Manufacturing stocks have been laggards over the past six months. The industrial sector has underperformed the S&P 500 by approximately 5% since the end of the first quarter. Concerns about Europe, slowing growth in China and an anemic recovery domestically have undercut the sector's fundamentals and eroded investor sentiment.
There are some green shoots, however, that could bode well for better industrial demand. Housing finally looks like it has really bottomed in the U.S. The drought in the Midwest was the worst in 50 years, but farm income should still be a record in 2012. And numbers out of China show recent strength. September export numbers came in much stronger than expected and iron ore prices are up some 30% since their lows of six weeks ago. The Middle Kingdom also recently enacted a $150 billion stimulus program focused on building infrastructure. I would look for other efforts to boost economic performance once their leadership transition is completed.
Given all this, it might be time to start to nibble at some beaten down stocks in companies that make the stuff that big mining, agricultural and construction users demand. Here are two stocks in the area I like at current levels.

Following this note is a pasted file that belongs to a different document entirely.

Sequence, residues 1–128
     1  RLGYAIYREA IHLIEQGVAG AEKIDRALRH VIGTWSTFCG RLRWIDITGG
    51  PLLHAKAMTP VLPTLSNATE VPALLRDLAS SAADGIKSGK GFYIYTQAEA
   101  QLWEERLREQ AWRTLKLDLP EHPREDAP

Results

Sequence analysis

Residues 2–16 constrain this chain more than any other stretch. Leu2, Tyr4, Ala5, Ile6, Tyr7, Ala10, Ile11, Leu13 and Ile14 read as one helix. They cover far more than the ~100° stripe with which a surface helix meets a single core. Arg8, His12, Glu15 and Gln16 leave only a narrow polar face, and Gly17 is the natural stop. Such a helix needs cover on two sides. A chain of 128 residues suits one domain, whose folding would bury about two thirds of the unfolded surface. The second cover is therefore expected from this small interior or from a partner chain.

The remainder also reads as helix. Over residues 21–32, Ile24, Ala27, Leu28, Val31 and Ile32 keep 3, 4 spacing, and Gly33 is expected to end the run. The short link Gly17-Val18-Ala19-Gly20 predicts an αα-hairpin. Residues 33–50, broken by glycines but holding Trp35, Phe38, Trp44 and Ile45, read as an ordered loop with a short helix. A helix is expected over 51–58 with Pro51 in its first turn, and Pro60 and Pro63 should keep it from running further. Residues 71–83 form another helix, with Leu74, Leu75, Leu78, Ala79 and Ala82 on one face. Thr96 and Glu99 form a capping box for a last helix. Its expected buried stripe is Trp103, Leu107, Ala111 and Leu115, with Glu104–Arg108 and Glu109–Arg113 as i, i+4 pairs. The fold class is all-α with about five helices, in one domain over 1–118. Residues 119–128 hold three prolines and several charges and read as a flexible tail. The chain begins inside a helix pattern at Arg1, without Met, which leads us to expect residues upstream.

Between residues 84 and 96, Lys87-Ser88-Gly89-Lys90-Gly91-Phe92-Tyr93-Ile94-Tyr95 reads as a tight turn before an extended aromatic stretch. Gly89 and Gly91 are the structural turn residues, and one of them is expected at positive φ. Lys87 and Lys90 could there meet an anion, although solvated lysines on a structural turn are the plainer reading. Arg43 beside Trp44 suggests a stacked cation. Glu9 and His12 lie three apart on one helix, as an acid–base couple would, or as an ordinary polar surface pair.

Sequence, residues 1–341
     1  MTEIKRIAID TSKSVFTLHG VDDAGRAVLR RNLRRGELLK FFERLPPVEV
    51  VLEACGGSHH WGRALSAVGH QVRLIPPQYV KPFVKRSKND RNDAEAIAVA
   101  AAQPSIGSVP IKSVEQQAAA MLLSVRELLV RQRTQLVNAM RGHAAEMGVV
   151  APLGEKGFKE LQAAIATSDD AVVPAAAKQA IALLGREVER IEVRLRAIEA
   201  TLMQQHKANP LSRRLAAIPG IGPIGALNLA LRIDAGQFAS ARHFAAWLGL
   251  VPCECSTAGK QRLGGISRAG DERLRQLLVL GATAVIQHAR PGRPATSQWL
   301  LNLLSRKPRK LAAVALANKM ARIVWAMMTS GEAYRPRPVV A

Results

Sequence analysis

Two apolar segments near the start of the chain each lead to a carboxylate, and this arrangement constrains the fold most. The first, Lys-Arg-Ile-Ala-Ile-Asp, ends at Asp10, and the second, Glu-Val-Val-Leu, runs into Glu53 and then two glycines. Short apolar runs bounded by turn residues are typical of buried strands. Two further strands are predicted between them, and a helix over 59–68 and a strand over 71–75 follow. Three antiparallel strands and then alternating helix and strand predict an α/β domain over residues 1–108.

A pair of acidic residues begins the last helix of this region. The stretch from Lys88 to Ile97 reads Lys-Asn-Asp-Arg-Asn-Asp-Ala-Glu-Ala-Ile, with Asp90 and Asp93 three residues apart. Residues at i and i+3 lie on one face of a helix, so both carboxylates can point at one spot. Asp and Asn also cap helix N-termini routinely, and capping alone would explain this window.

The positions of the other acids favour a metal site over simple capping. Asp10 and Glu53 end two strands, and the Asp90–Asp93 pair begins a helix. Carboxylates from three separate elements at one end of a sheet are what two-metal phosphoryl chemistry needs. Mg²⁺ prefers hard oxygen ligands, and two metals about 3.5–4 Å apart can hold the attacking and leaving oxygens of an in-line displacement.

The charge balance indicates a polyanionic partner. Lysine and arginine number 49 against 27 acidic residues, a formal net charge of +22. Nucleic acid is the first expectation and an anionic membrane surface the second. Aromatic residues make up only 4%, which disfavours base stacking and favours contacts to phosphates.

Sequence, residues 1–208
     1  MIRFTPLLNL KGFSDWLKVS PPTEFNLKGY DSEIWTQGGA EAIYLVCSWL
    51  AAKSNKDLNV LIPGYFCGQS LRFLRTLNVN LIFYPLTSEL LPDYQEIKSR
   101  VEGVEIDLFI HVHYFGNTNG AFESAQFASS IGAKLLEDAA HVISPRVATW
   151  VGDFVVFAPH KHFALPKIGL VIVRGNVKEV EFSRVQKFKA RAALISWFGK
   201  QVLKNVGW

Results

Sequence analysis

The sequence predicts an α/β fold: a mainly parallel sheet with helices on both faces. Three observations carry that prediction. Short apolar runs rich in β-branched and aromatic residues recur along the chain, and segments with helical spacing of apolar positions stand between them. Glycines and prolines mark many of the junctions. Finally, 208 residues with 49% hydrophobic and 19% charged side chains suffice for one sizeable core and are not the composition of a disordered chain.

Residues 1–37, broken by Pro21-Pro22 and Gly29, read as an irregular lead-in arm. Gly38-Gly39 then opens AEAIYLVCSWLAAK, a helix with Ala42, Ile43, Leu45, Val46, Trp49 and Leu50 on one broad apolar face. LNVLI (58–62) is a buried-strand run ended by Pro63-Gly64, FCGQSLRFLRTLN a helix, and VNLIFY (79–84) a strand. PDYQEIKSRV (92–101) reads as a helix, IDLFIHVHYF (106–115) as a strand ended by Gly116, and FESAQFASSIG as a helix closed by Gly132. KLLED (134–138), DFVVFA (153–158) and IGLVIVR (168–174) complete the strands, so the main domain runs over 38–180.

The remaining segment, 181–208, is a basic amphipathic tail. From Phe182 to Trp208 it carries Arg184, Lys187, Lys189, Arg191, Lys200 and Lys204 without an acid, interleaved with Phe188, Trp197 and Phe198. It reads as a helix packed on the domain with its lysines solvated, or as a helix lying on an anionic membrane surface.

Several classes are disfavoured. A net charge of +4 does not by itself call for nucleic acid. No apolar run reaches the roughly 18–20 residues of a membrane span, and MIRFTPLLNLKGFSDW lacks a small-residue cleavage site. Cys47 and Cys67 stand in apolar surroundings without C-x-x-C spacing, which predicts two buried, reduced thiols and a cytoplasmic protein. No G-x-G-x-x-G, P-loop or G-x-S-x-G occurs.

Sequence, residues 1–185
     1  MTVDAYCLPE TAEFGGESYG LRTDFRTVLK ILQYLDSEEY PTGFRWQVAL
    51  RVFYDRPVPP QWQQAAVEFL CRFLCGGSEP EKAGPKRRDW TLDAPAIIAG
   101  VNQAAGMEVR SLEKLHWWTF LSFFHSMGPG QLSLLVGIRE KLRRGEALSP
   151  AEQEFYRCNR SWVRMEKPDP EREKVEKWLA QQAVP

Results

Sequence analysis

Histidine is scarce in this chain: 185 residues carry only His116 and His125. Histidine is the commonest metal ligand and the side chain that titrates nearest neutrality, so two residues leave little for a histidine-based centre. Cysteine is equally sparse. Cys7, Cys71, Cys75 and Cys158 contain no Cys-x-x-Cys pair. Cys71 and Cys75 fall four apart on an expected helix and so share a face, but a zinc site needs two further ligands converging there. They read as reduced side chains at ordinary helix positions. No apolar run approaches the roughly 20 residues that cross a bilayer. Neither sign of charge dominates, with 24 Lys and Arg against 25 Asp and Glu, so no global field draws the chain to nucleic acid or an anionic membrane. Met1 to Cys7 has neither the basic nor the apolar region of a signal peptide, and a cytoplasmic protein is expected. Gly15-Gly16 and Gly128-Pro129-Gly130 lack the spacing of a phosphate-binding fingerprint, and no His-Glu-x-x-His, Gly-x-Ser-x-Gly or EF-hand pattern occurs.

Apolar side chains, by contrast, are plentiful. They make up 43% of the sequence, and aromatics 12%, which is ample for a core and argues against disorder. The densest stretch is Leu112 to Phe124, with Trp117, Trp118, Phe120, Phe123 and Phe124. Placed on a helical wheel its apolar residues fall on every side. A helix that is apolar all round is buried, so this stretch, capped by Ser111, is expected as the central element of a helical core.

Joy Global (JOY) is a large manufacturer of both underground and surface mining equipment.
Four reasons JOY is a good long buy at just $60 a share:
- Even after rising some 15% since its recent bottom in early August, the stock is still down about 40% from its highs earlier in the year. JOY is also still selling near the bottom of its five-year valuation range based on price/earnings, price/book and price/cash flow ratios.
- The company has grown revenues at an 11% annual clip over the past five years. The stock also sports a very small five-year projected price/earnings/growth ratio of 0.49.
- The company should continue to benefit from the long growth trend in mining demand in China, where it has expanded its presence significantly over the last two years. It is also a backdoor play on rising natural gas prices, as anything that makes coal more desirable from a price perspective is good for JOY. Finally, it might be even become a takeover target of General Electric's (GE) focus on expanding in the mining equipment sector.
- The stock is selling at less than 9x forward earnings, a discount to its five-year average of 13.6.
Titan International (TWI) manufactures and sells wheels, tires, and assemblies for off-highway vehicles used in the agricultural, earthmoving/construction, and consumer markets.
Four reasons TWI has substantial upside from under $19 a share:
- After falling some 40% from its highs a few months ago, the stock is significantly under the median price target of $31 a share held by the six analysts that hold the stock. TWI was upgraded to Buy from Hold at Jefferies recently.
- The stock is selling near the bottom of its five-year valuation range based on price/earnings, price/book, price/sales and price/cash flow ratios.
- The stock is priced at a five-year projected PEG below 1 (0.98). TWI also is selling less than 7x forward earnings, a huge discount to its five-year average of 27.9.
- Earnings are going up at a nice clip. TWI earned $1.50 per share in 2011 and is on track to post more than $2.25 in 2012. Analysts currently have a consensus estimate of $2.74 a share in 2013.